Eighteenth Century Collections Online contains almost 150,000 texts published in England or in English between 1701 and 1800. This set replaces our microfilm collection The Eighteenth Century. Eventually the entire collection will also be full-text searchable. Try the “fuzzy search” feature to account for spelling variations. You can also limit your search to a broad category such as Religion or Social Sciences. Soon we will add records for each text in the collection to our online catalog. Can’t have too many primary sources? Also consider Early English Books Online (1475-1700) and Early American Imprints, Series I. Evans (1639-1800).

ZSR is also investing more heavily in online encyclopedias. One significant addition in December was the International Encyclopedia of the Social & Behavioral Sciences. Its 4000 articles look at the social sciences with the widest possible lens. Our online edition corresponds to the 26-volume printed edition. Unlike the print edition, however, it will be regularly updated.

PsycARTICLES is one of several new collections of electronic journals. PsycARTICLES includes the full text of journals published by the American Psychological Association and a few others. If you perform database searches in PsycINFO, links to PsycARTICLES content are seamlessly included. As with all other e-journal packages, individual titles are listed in our journals database and in the online catalog.

We’ve also added over 1000 audiobooks from NetLibrary. Each title is listed in our online catalog. Need help getting audiobooks to work? Read our FAQ.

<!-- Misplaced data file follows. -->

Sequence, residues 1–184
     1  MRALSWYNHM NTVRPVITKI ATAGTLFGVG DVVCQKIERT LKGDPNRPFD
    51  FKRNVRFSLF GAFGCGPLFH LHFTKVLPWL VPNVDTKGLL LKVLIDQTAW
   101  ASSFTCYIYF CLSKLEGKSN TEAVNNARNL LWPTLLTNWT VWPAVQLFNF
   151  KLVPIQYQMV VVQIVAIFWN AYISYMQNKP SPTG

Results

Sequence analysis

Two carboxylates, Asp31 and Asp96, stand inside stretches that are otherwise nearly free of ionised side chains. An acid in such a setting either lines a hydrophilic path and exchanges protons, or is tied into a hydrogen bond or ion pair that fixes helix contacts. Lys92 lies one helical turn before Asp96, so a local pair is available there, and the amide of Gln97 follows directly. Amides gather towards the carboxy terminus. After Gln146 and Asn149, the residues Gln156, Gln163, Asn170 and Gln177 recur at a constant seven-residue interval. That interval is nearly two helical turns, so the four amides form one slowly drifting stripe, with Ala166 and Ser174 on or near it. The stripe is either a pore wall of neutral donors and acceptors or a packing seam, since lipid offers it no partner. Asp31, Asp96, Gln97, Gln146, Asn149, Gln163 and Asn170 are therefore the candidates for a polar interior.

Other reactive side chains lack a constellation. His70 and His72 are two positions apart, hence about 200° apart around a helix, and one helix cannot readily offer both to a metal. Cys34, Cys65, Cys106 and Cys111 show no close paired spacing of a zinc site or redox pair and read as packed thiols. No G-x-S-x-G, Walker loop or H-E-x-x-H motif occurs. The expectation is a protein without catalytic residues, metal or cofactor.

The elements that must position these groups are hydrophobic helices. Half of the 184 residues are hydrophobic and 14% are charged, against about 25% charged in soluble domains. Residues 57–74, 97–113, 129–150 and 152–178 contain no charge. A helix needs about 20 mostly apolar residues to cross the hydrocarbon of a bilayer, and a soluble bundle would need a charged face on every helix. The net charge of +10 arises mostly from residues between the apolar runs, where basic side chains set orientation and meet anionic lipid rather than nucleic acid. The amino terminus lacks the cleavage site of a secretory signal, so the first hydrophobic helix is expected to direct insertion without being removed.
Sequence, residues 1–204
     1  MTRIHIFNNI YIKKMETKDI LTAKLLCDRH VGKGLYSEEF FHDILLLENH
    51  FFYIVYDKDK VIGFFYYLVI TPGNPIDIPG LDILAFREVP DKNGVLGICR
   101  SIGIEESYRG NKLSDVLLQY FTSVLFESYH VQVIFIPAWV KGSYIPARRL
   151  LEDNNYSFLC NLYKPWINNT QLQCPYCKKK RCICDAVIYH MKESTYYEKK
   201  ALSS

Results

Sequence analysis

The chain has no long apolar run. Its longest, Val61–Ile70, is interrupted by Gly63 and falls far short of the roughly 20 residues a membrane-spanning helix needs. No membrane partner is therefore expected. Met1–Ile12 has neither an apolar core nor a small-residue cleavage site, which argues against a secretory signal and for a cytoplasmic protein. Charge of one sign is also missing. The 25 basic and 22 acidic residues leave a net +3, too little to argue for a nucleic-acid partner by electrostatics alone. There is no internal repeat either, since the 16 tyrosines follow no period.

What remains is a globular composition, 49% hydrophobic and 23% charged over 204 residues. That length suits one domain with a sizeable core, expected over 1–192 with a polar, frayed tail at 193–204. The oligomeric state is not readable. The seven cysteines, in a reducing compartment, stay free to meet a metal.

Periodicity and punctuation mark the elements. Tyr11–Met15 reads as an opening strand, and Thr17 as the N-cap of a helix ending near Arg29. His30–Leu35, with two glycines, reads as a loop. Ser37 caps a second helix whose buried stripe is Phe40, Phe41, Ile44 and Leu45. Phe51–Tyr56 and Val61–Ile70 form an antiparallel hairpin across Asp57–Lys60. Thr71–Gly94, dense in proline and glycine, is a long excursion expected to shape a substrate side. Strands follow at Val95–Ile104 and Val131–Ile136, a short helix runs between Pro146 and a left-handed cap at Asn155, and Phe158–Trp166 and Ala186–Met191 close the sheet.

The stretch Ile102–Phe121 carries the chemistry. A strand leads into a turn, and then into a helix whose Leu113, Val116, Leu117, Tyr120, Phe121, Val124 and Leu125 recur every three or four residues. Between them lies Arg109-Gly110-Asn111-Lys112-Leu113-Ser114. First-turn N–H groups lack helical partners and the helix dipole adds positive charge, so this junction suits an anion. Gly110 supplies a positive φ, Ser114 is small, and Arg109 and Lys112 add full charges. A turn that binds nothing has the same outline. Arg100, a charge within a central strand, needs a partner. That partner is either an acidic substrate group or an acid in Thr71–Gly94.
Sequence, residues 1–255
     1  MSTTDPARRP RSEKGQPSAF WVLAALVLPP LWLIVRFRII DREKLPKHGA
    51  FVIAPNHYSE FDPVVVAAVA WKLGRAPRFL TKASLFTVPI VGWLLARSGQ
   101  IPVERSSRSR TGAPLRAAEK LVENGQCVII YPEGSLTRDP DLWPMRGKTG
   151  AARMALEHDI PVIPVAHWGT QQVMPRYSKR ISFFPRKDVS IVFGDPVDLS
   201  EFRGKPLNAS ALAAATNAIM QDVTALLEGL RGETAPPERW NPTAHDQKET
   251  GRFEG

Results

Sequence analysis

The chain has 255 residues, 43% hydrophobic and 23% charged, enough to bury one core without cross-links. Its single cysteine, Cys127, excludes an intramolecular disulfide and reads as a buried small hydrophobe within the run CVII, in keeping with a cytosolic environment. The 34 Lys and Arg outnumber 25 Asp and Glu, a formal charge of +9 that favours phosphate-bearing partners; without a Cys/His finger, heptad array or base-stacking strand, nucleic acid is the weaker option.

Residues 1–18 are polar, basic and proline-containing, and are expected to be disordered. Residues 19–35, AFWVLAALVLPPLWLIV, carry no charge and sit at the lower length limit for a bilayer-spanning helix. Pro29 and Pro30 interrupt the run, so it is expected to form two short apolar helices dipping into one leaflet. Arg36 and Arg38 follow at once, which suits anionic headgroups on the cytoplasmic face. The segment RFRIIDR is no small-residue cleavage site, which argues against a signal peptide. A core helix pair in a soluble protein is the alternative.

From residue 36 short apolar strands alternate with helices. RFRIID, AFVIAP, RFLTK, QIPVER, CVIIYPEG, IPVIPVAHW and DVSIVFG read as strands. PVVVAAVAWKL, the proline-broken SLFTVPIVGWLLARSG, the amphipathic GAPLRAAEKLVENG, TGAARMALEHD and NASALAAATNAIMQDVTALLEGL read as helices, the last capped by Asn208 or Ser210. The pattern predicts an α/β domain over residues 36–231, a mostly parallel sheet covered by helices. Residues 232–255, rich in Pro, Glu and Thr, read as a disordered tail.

That’s not all! See the complete list of recent electronic additions and changes.

President Hatch in the Library Lecture Series

Sunday, January 22, 2006 1:20 pm

President Nathan O. Hatch will give a presentation on his book Democratization of American Christianity on March 14th in the Library.

Join the crowd at other scheduled talks or volunteer to do one yourself! More…

Check It Out Now!

Friday, January 20, 2006 1:21 pm

Digital Video Camera Reservation Loan Program

In response to requests from faculty, ZSR‘s Information Technology Center has purchased a new Canon Elura 85 mini DV camcorder. It will be available by reservation to faculty only, in an effort to improve the ability to schedule it for classroom use.

To date, equipment loaned by ITC has been handled on a first-come first-serve basis due to the difficulty of guaranteeing availability that hinges on timely return of equipment by other patrons.